The role of specific phobia as a potentially important psychopathological precursor condition to more severe mental disorders is understudied. We examined the prospective-longitudinal association of early childhood/adolescent phobia with subsequent mental disorders and the proportion of outcome disease incidence attributable to specific phobia simultaneously for a broad range of disorders.Methods:
N = 2210 14- to 24-year-old community subjects were followed up for 10 years. DSM-IV-specific phobia as exposure and a broad range of DSM-IV mental disorders as outcomes were assessed with the DSM-IV/M-CIDI. Logistic regressions, adjusting for confounders, were used to estimate the associations of specific phobia with the subsequent onset of outcome disorders.Results:
Baseline specific phobia predicted the subsequent first onset of anxiety disorders [panic disorder: risk ratio (RR) = 4.38, 95% confidence interval (2.34, 8.21); generalized anxiety disorder: RR = 4.10 (2.19, 7.69); posttraumatic stress disorder: RR = 2.15 (1.13, 4.10); obsessive–compulsive disorder: RR = 3.79 (1.63, 8.82)], affective disorders [major depression: RR = 1.54 (1.16, 2.03); bipolar disorder: RR = 2.20 (1.10, 4.41); dysthymia: RR = 2.75 (1.48, 5.11)], pain disorder: RR = 1.52 (1.14, 2.02), and eating disorders: RR = 2.27 (1.14, 4.51). Population attributable fractions (PAFs; i.e., proportion of outcome disease incidence in the total population attributable to specific phobia) were highest for panic disorder (PAF = 22.9), generalized anxiety disorder (PAF = 32.3), and obsessive–compulsive disorders (PAF = 30.2).Conclusion:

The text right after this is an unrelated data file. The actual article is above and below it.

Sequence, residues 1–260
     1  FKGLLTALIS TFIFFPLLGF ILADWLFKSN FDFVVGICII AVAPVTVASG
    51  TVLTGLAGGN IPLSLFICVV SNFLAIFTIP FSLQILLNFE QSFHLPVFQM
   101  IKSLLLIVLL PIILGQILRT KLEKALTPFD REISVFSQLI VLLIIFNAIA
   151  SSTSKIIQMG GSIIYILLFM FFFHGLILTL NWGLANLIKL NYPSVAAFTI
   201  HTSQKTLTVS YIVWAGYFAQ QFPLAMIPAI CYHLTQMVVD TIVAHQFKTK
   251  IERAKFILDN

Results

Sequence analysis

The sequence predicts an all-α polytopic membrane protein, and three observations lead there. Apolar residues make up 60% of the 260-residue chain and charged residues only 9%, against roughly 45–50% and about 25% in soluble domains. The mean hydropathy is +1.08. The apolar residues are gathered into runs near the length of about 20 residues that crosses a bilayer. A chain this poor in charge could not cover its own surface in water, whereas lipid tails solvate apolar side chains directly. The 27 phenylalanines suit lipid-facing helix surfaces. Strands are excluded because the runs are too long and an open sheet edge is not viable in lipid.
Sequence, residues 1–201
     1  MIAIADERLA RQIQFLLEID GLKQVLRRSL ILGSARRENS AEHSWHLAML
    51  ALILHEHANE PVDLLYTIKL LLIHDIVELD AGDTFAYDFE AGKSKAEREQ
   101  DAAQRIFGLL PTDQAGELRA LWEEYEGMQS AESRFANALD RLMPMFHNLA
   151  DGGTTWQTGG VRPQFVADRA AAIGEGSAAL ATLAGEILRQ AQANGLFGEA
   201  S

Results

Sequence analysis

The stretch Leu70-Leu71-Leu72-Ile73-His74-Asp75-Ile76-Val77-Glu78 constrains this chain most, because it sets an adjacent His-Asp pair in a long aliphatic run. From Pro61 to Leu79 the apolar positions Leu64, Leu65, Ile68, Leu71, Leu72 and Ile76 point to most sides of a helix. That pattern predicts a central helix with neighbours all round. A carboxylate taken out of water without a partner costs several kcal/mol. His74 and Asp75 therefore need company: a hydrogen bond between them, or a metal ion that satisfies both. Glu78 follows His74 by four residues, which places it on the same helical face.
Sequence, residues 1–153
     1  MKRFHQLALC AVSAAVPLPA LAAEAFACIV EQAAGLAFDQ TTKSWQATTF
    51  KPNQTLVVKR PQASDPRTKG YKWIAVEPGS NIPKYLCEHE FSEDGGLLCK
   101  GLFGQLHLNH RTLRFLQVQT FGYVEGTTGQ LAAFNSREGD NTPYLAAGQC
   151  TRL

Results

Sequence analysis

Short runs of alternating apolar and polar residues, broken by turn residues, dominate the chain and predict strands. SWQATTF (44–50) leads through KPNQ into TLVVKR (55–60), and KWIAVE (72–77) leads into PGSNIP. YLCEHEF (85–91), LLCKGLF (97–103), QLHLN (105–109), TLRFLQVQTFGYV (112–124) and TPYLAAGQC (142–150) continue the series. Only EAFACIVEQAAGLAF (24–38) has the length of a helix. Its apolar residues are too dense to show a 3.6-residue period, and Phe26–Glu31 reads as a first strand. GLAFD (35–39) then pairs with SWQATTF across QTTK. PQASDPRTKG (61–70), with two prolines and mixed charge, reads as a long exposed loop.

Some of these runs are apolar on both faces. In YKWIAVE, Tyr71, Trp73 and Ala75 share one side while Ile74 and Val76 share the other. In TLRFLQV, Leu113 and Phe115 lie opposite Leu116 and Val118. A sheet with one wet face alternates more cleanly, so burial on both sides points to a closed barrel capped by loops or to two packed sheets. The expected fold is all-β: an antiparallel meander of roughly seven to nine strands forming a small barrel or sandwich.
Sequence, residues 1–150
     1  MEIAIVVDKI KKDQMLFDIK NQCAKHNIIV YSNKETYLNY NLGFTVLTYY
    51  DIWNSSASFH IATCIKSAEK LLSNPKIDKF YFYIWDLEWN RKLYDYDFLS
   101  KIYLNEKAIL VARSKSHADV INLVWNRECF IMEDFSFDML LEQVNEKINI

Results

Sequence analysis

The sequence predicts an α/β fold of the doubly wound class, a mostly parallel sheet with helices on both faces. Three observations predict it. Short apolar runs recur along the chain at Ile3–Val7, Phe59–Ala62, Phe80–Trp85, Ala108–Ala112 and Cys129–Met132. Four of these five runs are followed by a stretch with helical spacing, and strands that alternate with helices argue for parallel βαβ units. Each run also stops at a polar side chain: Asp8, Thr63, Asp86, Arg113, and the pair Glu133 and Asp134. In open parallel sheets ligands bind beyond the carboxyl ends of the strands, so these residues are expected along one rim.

This study provides strong evidence that specific phobia is an early onset disorder predicting the subsequent onset of a range of disorders. Future studies should examine the underlying mechanisms and the potential of using specific phobia as a target for prevention of subsequent psychopathology.